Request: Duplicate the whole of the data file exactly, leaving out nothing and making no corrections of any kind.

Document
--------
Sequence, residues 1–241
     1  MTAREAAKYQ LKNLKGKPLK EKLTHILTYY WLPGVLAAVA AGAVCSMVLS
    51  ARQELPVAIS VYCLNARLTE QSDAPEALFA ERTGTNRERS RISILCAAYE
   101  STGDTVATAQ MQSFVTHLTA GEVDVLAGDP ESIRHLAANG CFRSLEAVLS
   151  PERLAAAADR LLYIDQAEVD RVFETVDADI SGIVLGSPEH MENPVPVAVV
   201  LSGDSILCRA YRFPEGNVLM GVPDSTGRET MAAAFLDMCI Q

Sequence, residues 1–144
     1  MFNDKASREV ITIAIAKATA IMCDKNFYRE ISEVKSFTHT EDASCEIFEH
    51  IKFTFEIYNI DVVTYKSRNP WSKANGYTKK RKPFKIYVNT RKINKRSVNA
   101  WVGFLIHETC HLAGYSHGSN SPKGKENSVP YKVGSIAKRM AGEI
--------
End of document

Sequence, residues 1–241
     1  MTAREAAKYQ LKNLKGKPLK EKLTHILTYY WLPGVLAAVA AGAVCSMVLS
    51  ARQELPVAIS VYCLNARLTE QSDAPEALFA ERTGTNRERS RISILCAAYE
   101  STGDTVATAQ MQSFVTHLTA GEVDVLAGDP ESIRHLAANG CFRSLEAVLS
   151  PERLAAAADR LLYIDQAEVD RVFETVDADI SGIVLGSPEH MENPVPVAVV
   201  LSGDSILCRA YRFPEGNVLM GVPDSTGRET MAAAFLDMCI Q

Sequence, residues 1–144
     1  MFNDKASREV ITIAIAKATA IMCDKNFYRE ISEVKSFTHT EDASCEIFEH
    51  IKFTFEIYNI DVVTYKSRNP WSKANGYTKK RKPFKIYVNT RKINKRSVNA
   101  WVGFLIHETC HLAGYSHGSN SPKGKENSVP YKVGSIAKRM AGEI